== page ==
Professor Ziv J Haskal MD, Vice Chair and Chief of Vascular and Interventional Radiology at the University of Maryland, Baltimore, US
This early data from this study appear to bolster the already substantial controlled literature comparing TIPS to endoscopic therapy of oesophageal varices. There is undisputed Class I, Level A evidence that proves that TIPS, i.e. portosystemic shunt therapy, yields markedly lower esophageal variceal rebleeding rates compared to endoscopic band ligation or sclerotherapy. Notably, most prior trials, and meta-analyses, were comprised of patients whose shunts were created with bare metal stents. Treated populations varied amongst studies, from ones including Child C patients, to ones specifically excluding them in favour of healthier elective patients. Most, like this one, showed significantly higher crossover from endoscopic therapy to TIPS rescue.
It’s clear that modern TIPS means PTFE stent grafts. The patencies achieved, out-of-the-gate, vastly exceed those of bare stents. For this commentator, a decade of hundreds of bare stent TIPS revisions has essentially disappeared. It stands to reason that the reduced need for TIPS revisions (a need as high as 38% in some controlled trials) will correlate with lower recurrent symptoms, perhaps further magnifying the disparity between endoscopic therapies and TIPS. Several controlled trials comparing stent graft TIPS to medical therapies are underway. This is one such study.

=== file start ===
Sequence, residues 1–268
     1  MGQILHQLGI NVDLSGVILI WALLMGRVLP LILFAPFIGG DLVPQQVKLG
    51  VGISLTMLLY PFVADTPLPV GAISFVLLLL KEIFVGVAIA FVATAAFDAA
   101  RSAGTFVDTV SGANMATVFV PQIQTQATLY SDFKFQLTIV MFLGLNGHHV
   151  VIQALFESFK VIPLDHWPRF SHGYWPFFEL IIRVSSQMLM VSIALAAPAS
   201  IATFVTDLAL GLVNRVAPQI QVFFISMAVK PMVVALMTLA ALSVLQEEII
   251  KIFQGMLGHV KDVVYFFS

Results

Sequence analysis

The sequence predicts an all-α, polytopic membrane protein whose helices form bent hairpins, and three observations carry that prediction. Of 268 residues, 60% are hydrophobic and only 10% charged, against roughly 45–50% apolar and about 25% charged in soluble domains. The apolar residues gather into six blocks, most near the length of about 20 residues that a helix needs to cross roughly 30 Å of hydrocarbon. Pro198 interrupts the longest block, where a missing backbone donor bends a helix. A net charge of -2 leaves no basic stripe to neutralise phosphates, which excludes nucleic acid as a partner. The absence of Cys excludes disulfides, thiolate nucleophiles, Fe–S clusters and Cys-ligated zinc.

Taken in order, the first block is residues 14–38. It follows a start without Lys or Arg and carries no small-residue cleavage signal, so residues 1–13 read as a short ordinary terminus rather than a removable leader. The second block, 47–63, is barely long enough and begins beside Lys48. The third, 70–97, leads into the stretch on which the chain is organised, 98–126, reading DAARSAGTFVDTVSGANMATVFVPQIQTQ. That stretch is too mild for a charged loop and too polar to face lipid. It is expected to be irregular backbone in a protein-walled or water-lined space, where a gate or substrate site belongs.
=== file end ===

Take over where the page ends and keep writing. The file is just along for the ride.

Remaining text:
The data in this study is still in early stages, and the details available to us in the abstract and presentation are necessarily thin. While the current conclusion seems eminently plausible, we must wait for more data. Some of the questions to be answered include: why is this a “high risk cirrhotic patient” population per the authors’ title? High risk for mortality – by virtue of their bleeding, amount of transfusion, liver function, metabolic derangement, intubation status, aspiration pneumonia, etc? Indeed, their exclusion of Child-Pugh score patients >13 generally defines the population as ‘healthier’ cirrhotics, but for their bleeding episode. If there is a mixture of oesophageal and gastric varices, then the cohorts will need to be separated, as therapies and endpoints vary in both medical and TIPS groups. Better characterisation of the acuity and metabolic abnormalities that define high risk, i.e. early mortality will be needed, perhaps using APACHE scores and, secondarily, MELD – this is appears to be one of this study’s niches. Indeed, one point that distinguishes most prior randomised trials was time to randomisation. As delays lengthen, from one day to one week, the selection bias toward ‘healthier’ surviving patients grows. Further, details describing graded rates of encephalopathy, the natural downside of TIPS, will be needed. All this data should undoubtedly follow, in the ultimate manuscript.
Finally, we can consider the basic premise: that a PTFE stent graft might provide better outcome than a bare stent when compared to endoscopic therapy. In reality, I would expect the early results of these stents to be relatively similar. In truly acutely bleeding patients, survival is first judged at 30 day intervals, not at one year. The relative upshot of a PTFE stent graft over a bare stent, in this acute window, is likely real, but small. The stent graft, if properly employed, would prevent the acute thromboses attributed to biliary-TIPS fistulae. But again, I’d expect this early effect is small.